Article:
United States District Court, E.D. Texas, Sherman Division
MEMORANDUM OPINION AND ORDER
L. MAZZANT UNITED STATES DISTRICT JUDGE
before the Court is Defendants Mattel, Inc. and Fisher-Price,
Inc.'s (collectively “Defendants”) 12(b)(6)
Partial Motion to Dismiss, or Alternatively 12(e) Motion for
More Definite Statement (Dkt. #13). After reviewing the
relevant pleadings and motions, the Court finds
Defendants' motion should be granted in part and denied
case arises from alleged injuries Plaintiff Nishoria Hina
sustained on or about September 26, 2016. Plaintiff alleges
such injuries resulted from a Fisher-Price Power Wheels
Disney Frozen Jeep (the “Toy Jeep”) she ordered
from a retail website. Specifically, Plaintiff claims that as
she lifted the Toy Jeep's frame from its packaging, the
Toy Jeep's battery fell out of the Toy Jeep and landed on
her big toe of her right foot. Plaintiff asserts that
Defendants placed the battery inside an unsealed individual
cardboard box inside of the hood of the Toy Jeep, unattached
to anything, with the hood of the Toy Jeep left unlatched.
Additionally, Plaintiff claims the unsealed cardboard box,
which held the battery, did not contain visible marks from
staples, glue, or tape. As a result, Plaintiff filed suit
against Defendants for negligence, strict liability, breach
of warranty, and fraudulent concealment.
September 19, 2017, Defendants filed its Motion to Dismiss,
or Alternatively Motion for More Definite Statement (Dkt.
#13). On October 3, 2017, Plaintiff filed her response (Dkt.
#15). Defendants filed their reply (Dkt. #16) on October 10,
2017, and Plaintiff filed her sur-reply (Dkt. #17) on October
Federal Rules of Civil Procedure require that each claim in a
complaint include a “short and plain statement . . .
showing that the pleader is entitled to relief.”
Fed.R.Civ.P. 8(a)(2). Each claim must include enough factual
allegations “to raise a right to relief above the
speculative level.” Bell Atl. Corp. v.
Twombly, 550 U.S. 544, 555 (2007).
12(b)(6) motion allows a party to move for dismissal of an
action when the complaint fails to state a claim upon which
relief can be granted. Fed.R.Civ.P. 12(b)(6). When
considering a motion to dismiss under Rule 12(b)(6), the
Court must accept as true all well-pleaded facts in
plaintiff's complaint and view those facts in the light
most favorable to the plaintiff. Bowlby v. City of
Aberdeen, 681 F.3d 215, 219 (5th Cir. 2012). The Court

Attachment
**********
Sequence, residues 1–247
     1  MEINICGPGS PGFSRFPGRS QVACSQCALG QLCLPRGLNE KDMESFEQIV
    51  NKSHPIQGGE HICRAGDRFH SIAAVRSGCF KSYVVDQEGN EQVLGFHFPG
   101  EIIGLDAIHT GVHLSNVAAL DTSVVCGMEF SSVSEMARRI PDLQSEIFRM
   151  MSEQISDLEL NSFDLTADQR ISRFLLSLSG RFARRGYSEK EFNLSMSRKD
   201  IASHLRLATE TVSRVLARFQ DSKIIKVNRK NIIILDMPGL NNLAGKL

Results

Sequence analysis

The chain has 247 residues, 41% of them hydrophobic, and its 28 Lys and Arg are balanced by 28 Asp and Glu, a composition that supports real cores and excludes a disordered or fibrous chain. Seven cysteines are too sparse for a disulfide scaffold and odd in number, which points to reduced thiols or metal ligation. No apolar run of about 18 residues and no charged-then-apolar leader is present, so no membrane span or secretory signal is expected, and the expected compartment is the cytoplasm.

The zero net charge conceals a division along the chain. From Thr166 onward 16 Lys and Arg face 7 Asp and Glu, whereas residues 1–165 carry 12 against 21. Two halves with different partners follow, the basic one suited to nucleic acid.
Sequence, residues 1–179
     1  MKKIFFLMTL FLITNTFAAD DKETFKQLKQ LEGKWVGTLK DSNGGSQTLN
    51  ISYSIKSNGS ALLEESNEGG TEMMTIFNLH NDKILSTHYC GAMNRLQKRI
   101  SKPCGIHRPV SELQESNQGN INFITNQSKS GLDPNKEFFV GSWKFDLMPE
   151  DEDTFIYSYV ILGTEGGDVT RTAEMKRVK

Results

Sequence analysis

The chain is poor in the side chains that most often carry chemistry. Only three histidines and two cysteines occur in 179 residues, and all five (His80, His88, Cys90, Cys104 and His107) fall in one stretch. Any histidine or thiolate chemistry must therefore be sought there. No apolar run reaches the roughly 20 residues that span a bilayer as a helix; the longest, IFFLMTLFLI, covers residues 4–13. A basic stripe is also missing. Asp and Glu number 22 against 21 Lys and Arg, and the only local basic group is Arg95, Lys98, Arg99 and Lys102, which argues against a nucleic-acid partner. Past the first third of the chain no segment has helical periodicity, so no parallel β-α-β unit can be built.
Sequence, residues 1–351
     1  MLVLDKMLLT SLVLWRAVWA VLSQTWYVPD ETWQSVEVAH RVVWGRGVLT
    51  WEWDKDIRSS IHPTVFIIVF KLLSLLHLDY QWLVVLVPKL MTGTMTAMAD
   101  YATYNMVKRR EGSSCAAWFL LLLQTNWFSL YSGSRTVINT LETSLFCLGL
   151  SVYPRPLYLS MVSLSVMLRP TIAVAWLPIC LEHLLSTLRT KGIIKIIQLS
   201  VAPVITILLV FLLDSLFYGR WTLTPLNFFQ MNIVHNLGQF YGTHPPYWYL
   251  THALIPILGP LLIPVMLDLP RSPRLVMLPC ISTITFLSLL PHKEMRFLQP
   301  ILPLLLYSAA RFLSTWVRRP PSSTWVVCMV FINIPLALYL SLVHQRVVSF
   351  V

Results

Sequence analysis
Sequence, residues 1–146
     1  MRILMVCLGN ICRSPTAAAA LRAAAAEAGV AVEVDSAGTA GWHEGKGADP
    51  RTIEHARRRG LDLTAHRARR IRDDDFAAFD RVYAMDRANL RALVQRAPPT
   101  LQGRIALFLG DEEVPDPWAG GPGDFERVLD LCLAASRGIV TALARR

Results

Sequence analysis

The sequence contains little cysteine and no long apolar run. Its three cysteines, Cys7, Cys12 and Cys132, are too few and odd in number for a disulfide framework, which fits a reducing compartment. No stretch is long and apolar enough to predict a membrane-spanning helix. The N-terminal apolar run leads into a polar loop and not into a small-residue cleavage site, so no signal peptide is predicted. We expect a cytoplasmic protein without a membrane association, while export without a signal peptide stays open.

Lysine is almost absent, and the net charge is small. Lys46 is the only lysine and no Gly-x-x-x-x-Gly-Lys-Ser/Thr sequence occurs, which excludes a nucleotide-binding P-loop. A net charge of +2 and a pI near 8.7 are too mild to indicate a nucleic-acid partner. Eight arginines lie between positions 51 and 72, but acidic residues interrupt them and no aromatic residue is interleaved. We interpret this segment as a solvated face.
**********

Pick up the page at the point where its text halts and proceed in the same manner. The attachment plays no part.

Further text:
may consider “the complaint, any documents attached to
the complaint, and any documents attached to the motion to
dismiss that are central to the claim and referenced by the
complaint.” Lone Star Fund V (U.S.), L.P. v.
Barclays Bank PLC, 594 F.3d 383, 387 (5th Cir. 2010).
The Court must then determine whether the complaint states a
claim for relief that is plausible on its face.
‘“A claim has facial plausibility when the
plaintiff pleads factual content that allows the [C]ourt to
draw the reasonable inference that the defendant is liable
for the misconduct alleged.'” Gonzalez v.
Kay, 577 F.3d 600, 603 (5th Cir. 2009) (quoting
Ashcroft v. Iqbal, 556 U.S. 662, 678 (2009)).
“But where the well-pleaded facts do not permit the
[C]ourt to infer more than the mere possibility of
misconduct, the complaint has alleged-but it has not
‘show[n]'-‘that the pleader is entitled to
relief.'” Iqbal, 556 U.S. at 679 (quoting
Iqbal, the Supreme Court established a two-step
approach for assessing the sufficiency of a complaint in the
context of a Rule 12(b)(6) motion. First, the Court should
identify and disregard conclusory allegations, for they are
“not entitled to the assumption of truth.”
Iqbal, 556 U.S. at 664. Second, the Court
“consider[s] the factual allegations in [the complaint]
to determine if they plausibly suggest an entitlement to
relief.” Id. “This standard
‘simply calls for enough facts to raise a reasonable
expectation that discovery will reveal evidence of the
necessary claims or elements.'” Morgan v.
Hubert, 335 F. App'x 466, 470 (5th Cir. 2009)
(citation omitted). This evaluation will “be a
context-specific task that requires the reviewing [C]ourt to
draw on its judicial experience and common sense.”
Iqbal, 556 U.S. at 679.
“[t]o survive a motion to dismiss, a complaint must
contain sufficient factual matter, accepted as true, to
‘state a claim to relief that is plausible on its
face.”' Id. at 678 (quoting
Twombly, 550 U.S. at 570).
12(e) of the Federal Rules of Civil Procedure allows a party
to move for a more definite statement of the pleadings when
the pleadings are “so vague or ambiguous that the party
cannot reasonably prepare a response.” Fed.R.Civ.P.
12(e). “If a pleading fails to specify the allegations
in a manner that provides sufficient notice, a defendant can
move for a more definite statement . . . before
responding.” Swierkiewicz v. Sorema N.A., 534
U.S. 506, 514 (2002). Motions for a more definite statement
are generally disfavored because “in view of the great
liberality of Federal Rule of Civil Procedure 8 . . . it is
clearly the policy of the Rules that Rule 12(e) should not be
used to . . . require a plaintiff to amend his complaint
which under Rule 8 is sufficient to withstand a motion to
dismiss.” Source Data Acquisition, LP v. Talbot
Grp., Inc., 4:07-cv-294, 2008 WL 678645, at *2 (E.D.
Tex. Mar. 11, 2008) (citing Mitchell v. E-Z WayTowers, Inc., 269 F.2d 126, 132 (5th Cir. 1959)). In
addition, “when a defendant is complaining of matters
that can be clarified and developed during discovery, not
matters that impede his ability to form a responsive
pleading, an order directing the plaintiff to provide a more
definite statement is ...